Cookies on this website

We use cookies to ensure that we give you the best experience on our website. If you click 'Accept all cookies' we'll assume that you are happy to receive all cookies and you won't see this message again. If you click 'Reject all non-essential cookies' only necessary cookies providing core functionality such as security, network management, and accessibility will be enabled. Click 'Find out more' for information on how to change your cookie settings.

RATIONALE: Translational research implicates the mu opioid neurochemical system in hedonic processing, but its role in dissociable high-level cognitive functions is not well understood. Binge-eating represents a useful model of 'behavioural addiction' for exploring this issue. OBJECTIVE: The aim of this study was to objectively assess the cognitive effects of a mu opioid receptor antagonist in obese individuals with binge-eating symptoms. METHODS: Adults with moderate to severe binge-eating and body mass index ≥30 kg/m² received 4 weeks of treatment with a mu opioid receptor antagonist (GSK1521498) 2 or 5 mg per day, or placebo, in a double-blind randomised parallel design. Neuropsychological assessment was undertaken at baseline and endpoint to quantify processing bias for food stimuli (visual dot probe with 500- and 2,000-ms stimulus presentations and food Stroop tasks) and other distinct cognitive functions (N-back working memory, sustained attention, and power of attention tasks). RESULTS: GSK1521498 5 mg/day significantly reduced attentional bias for food cues on the visual dot probe task versus placebo (p = 0.042), with no effects detected on other cognitive tasks (all p > 0.10). The effect on attentional bias was limited to the longer stimulus duration condition in the higher dose cohort alone. CONCLUSIONS: These findings support a central role for mu opioid receptors in aspects of attentional processing of food cues but militate against the notion of major modulatory influences of mu opioid receptors in working memory and sustained attention. The findings have implications for novel therapeutic directions and suggest that the role of different opioid receptors in cognition merits further research.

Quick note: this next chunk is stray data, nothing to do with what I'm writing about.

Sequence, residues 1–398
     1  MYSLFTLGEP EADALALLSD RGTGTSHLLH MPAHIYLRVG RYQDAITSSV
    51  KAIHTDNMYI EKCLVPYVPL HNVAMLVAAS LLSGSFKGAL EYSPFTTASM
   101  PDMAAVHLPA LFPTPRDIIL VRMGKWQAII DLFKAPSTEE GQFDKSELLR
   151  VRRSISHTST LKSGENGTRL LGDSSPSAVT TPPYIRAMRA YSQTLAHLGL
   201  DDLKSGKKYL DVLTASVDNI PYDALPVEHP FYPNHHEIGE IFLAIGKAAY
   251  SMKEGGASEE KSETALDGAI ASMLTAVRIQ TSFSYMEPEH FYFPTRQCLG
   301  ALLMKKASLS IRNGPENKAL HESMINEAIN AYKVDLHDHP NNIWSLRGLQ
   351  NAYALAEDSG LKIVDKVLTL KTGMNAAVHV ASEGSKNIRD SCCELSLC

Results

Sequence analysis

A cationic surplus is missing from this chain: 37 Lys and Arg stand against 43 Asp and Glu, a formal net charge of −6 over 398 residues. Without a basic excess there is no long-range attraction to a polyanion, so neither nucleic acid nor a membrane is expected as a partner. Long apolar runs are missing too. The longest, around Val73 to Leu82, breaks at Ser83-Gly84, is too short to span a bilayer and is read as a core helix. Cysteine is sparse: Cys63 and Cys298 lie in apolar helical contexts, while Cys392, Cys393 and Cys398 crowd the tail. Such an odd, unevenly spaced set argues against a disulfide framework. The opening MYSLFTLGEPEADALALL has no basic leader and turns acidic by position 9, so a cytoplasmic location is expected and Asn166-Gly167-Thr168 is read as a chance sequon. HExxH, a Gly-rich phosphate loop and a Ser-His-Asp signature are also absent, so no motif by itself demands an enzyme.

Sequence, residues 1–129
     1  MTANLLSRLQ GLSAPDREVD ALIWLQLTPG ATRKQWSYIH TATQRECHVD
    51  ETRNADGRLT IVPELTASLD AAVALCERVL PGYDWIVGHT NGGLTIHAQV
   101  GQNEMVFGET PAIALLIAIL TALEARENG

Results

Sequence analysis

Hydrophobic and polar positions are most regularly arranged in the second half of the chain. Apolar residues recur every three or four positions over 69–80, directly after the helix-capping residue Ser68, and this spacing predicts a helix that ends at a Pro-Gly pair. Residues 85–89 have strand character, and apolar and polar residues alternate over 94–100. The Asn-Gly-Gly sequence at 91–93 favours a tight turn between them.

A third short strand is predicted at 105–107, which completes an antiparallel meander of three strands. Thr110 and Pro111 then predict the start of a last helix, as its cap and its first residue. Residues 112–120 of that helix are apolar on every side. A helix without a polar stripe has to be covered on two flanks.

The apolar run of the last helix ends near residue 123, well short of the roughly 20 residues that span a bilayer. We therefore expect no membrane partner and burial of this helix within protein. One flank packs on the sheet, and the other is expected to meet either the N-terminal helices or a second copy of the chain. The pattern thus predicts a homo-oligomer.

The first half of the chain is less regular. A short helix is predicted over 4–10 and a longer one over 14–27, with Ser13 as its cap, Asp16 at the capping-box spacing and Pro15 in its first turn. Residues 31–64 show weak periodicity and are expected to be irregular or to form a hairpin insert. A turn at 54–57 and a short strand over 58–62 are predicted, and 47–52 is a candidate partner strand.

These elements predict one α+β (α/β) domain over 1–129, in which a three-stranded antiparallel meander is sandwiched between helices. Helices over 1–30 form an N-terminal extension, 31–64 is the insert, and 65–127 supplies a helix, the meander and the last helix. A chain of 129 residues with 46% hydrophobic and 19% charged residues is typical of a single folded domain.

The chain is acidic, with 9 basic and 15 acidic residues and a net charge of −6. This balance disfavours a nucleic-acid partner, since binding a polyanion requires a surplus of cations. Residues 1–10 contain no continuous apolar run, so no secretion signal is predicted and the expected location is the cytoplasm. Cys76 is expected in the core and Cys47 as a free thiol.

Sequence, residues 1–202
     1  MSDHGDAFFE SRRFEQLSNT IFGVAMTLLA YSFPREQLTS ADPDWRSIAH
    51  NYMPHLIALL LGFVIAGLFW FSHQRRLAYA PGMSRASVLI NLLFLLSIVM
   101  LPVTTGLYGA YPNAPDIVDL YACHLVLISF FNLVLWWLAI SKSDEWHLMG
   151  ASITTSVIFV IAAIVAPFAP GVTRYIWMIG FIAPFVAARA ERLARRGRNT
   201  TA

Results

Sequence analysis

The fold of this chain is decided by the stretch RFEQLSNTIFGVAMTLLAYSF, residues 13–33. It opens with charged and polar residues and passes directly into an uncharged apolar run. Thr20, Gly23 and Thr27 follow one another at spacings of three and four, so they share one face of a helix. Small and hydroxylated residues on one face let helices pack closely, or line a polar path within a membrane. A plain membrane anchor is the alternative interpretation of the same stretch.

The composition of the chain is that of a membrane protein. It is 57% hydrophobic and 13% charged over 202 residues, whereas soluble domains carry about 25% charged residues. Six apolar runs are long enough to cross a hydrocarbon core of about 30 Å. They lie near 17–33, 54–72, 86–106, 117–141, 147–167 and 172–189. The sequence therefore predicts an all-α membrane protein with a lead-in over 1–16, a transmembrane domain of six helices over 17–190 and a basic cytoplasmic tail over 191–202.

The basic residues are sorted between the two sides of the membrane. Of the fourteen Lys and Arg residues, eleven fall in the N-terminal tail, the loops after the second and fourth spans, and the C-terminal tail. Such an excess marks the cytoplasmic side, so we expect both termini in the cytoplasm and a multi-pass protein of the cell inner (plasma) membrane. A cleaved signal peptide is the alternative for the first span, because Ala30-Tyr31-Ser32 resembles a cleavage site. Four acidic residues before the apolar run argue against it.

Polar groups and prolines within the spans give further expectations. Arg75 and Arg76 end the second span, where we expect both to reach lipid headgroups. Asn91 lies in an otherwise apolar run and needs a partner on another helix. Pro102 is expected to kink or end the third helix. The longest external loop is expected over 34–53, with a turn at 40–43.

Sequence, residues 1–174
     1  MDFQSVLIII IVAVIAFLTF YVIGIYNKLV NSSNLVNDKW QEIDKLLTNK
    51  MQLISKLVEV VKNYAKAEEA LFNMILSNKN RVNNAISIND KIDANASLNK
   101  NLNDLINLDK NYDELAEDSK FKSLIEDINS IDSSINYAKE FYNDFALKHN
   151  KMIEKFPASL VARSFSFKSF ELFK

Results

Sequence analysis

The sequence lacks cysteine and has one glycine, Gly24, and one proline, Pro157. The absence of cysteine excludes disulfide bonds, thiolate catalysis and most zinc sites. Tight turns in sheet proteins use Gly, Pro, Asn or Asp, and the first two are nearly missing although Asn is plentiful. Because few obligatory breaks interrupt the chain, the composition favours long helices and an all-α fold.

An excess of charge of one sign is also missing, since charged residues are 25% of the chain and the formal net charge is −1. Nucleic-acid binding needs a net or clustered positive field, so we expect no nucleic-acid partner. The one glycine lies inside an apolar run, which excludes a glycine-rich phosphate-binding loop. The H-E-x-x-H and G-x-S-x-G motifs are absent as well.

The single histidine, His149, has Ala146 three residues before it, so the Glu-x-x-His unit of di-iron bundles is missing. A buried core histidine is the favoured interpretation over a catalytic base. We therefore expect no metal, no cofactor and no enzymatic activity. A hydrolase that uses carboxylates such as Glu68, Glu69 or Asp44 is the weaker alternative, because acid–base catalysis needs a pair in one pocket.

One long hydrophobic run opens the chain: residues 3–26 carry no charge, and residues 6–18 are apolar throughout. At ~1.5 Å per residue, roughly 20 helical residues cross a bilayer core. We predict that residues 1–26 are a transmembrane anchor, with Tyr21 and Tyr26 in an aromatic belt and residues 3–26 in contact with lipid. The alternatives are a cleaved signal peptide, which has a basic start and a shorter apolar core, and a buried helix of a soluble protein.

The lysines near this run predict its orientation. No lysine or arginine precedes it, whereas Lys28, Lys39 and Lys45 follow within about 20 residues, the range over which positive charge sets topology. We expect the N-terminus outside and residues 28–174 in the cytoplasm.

Original publication




Journal article


Psychopharmacology (berl)

Publication Date





501 - 509


Adolescent, Adult, Attention, Binge-Eating Disorder, Cognition, Dose-Response Relationship, Drug, Double-Blind Method, Female, Humans, Indans, Male, Middle Aged, Narcotic Antagonists, Neuropsychological Tests, Receptors, Opioid, mu, Severity of Illness Index, Time Factors, Triazoles, Young Adult